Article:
Summary of modifications made to Model I and Model II regressions
March 2016 — revision 4.0
It has now been 8+ years since any edits were made to these scripts: time to check to see if there are any problems or issues due to the many updates to the Matlab code.
- Each of the 8 lsqfit scripts was checked for compatibility with Matlab 2014b and no errors were found.
- However, some of the scripts had calculated variables which were not needed for the results. The code for these unused parameters was deleted from the scripts to improve computational efficiency.
- All of the scripts were then error checked using the test data file and were found to produce the correct results.
- All of the lsqfit script headers were revised with the new revision date & info.
- The revised and updated scripts were then used to produce new graphs of the regression lines.
September 2007 — revision 3.1
I corrected an error in the y-intercept uncertainty calculation for the major axis algorithm:
- The equation was initially derived correctly in Kermack & Haldane (1950), but they introduced a typo when the equation was reprinted in a table of summary formulae at the end of their text. York (1966) copied this typo from the summary formulae and I coded my equations using York’s notation. The algorithm now gives the correct uncertainty for the intercept in all four quadrants.
- The Results Table was corrected as required. The single line data plots for the major axis calculations were corrected as well.
- Minor typos in the header information for the lsqcubic were corrected and the revision date was updated.
April 2007 — revision 3
Additional minor changes were made to the lsqfit algorithms:
- Minor typos in the header information in some of the files were corrected.
- Revision dates on each file were updated.
- Replaced GIF images of line plots with higher resolution JPG files.
January 2003 — revision 2
A minor change was made to the names of the Model I regressions:
- Lsqfitxi.m was renamed lsqfitx.m to make it more consistent with the names of the other algorithms.
- Minor changes were made to lsqbisec.m and lsqfitgm so that they are now compatible with this change.
- The headers in each file were expanded to provide more information about each algorithm.
January 2000 — revision 1
The m-files for the Model I regressions were renamed to better reflect their applications:
- Lsqfit1.m was renamed lsqfity.m since this regression minimizes the sum of the squares of the deviations in y.
- Lsqfit1i.m was renamed lsqfitxi.m since this regression minimizes the sum of the squares of the deviations in x and is inverted so that the slope is directly comparable to the slopes from the other regression algorithms.
- Lsqfit1w.m was renamed lsqfityw.m since this regression minimizes the weighted sum of the squares of the deviations in y.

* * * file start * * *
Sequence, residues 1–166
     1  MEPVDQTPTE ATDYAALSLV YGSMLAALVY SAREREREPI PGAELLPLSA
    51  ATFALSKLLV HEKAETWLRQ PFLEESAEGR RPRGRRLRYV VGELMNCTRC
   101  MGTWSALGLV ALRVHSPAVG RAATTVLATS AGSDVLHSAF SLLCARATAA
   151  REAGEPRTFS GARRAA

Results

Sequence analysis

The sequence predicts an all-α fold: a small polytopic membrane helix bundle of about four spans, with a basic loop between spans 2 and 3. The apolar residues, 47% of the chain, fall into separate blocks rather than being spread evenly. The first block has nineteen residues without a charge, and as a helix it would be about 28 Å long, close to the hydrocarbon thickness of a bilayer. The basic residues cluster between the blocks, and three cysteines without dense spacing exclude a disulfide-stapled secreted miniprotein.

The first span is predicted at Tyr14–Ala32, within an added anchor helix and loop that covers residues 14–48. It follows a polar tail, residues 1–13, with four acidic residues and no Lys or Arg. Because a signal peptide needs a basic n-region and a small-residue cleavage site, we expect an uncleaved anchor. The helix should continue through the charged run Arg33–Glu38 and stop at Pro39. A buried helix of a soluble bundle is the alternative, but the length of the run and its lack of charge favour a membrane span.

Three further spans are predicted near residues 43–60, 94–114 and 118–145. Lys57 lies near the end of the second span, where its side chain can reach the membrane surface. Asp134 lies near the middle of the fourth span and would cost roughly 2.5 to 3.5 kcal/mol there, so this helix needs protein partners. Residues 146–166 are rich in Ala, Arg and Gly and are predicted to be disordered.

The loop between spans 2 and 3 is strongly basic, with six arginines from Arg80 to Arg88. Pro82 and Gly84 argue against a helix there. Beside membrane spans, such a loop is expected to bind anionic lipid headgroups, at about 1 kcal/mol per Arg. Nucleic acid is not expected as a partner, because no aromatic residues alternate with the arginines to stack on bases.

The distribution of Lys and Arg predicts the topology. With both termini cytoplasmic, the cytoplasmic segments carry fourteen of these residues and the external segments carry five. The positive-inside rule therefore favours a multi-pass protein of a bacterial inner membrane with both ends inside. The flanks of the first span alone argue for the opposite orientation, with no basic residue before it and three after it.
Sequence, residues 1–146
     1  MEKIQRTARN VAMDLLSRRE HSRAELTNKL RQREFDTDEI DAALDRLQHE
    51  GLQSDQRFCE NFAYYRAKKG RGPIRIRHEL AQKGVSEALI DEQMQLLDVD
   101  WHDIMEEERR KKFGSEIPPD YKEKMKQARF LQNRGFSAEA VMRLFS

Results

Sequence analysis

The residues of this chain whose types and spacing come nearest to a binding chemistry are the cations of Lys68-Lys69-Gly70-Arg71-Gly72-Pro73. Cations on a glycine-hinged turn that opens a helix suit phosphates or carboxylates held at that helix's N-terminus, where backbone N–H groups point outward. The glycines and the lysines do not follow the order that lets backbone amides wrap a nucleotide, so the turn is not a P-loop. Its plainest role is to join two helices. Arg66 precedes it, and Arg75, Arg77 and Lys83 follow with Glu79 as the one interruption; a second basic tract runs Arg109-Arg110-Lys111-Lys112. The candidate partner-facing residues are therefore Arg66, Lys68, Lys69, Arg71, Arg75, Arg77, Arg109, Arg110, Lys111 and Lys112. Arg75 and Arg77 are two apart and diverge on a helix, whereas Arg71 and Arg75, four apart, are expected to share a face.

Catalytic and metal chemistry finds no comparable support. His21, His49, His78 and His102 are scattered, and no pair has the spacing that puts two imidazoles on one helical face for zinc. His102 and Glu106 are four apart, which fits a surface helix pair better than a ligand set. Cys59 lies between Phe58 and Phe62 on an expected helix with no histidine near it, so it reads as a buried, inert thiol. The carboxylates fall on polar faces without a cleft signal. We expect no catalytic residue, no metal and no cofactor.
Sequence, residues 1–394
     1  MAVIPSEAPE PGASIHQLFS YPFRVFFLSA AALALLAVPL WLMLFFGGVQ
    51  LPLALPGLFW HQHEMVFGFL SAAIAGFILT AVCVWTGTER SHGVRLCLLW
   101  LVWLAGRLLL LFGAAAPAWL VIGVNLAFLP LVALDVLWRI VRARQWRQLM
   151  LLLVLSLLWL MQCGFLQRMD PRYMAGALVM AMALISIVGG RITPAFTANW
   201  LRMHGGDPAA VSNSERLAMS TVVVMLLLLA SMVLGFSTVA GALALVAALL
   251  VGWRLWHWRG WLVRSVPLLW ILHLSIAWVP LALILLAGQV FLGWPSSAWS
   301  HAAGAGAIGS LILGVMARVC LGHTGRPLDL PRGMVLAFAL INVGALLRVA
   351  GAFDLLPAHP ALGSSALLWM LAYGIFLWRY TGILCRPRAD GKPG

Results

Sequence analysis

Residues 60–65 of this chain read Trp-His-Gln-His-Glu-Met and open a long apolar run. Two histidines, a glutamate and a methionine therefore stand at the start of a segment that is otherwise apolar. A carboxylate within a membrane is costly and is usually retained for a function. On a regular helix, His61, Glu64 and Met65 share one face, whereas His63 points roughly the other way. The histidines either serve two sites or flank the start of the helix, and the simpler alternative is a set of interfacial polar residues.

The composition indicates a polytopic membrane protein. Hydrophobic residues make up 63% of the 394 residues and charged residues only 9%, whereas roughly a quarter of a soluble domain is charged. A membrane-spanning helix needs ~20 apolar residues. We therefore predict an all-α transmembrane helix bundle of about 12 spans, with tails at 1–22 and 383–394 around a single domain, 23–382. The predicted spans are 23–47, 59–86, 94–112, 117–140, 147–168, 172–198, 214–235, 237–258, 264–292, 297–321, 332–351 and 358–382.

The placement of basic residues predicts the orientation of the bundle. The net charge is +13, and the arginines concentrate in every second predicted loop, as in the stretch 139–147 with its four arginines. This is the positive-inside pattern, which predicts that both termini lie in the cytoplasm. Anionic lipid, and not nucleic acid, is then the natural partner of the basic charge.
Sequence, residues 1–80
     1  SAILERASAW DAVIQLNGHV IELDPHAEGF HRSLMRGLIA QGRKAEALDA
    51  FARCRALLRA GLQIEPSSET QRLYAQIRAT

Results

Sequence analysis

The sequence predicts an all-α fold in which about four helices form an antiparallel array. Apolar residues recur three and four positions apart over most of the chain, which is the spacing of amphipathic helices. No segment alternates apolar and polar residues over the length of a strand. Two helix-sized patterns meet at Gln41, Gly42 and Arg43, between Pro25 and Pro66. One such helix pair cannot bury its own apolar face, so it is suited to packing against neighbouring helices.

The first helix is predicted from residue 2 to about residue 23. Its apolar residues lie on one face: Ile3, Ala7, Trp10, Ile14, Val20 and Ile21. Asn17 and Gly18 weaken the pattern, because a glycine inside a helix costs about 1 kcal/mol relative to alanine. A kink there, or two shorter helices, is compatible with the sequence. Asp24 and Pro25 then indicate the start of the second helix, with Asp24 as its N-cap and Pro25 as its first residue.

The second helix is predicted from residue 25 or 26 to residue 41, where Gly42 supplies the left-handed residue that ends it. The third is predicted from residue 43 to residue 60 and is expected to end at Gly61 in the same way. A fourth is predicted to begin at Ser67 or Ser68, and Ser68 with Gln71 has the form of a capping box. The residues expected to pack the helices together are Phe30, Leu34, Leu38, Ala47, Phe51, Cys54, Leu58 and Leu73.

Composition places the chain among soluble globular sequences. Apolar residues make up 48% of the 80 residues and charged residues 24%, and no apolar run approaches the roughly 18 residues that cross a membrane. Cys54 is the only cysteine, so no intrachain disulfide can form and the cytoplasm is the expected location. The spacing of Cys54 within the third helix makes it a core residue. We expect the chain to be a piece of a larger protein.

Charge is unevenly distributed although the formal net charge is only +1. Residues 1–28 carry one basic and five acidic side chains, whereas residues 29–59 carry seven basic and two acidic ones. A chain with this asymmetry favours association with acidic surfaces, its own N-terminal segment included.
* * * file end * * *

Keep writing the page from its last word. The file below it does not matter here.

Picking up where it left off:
At this time, it was also noticed that the standard deviations for the slope and intercept of the weighted model I regression, lsqfityw.m (formerly known as lsqfit1w.m), were considerably smaller than the standard deviations calculated by the other regression algorithms (see: results).
- The source code was checked against the original and found to be correct.
- The algorithm calculates the correct values according to the example given in Table 6.2 in Bevington and Robinson (1992).
- Until this situation is resolved, an alternate calculation is presented: lsqfityz.m. This algorithm uses the same equations for slope and intercept as used by lsqfit1w.m and lsqfityw.m, but calculates the standard deviations for these terms based upon the more general equations derived by York (1966). The revised values are more in line with the standard deviations for these terms calculated by the other methods.
The algorithms for the Model II regressions were not changed although the header information for these files was revised for the purposes of clarity and completeness.
A new Model II regression algorithm was added, known here as the “least squares bisector:”lsqbisec.m.
- Sprent and Dolby (1980) have objected to the ad hoc use of the geometric mean regression, because it is not a true unbiased expression for the functional relationship between X and Y.
- They have suggested that an equally strong case can be made for using the line that bisects the minor angle between the two model I regressions.
- While the difference in slope between the geometric mean regression and the “least squares bisector” are small and probably not statistically significant, this new “regression” line is included here for completeness.
- A simple plot of the original raw data revealed that it was not a bivariate normal distribution. It contained numerous outliers and data clusters. These have been removed to give a cleaner looking dataset.
- The modified file is smaller, 110 points vs 139, and one can easily see the shape of the data ellipse.
- Graphs of the regression lines are now available as well.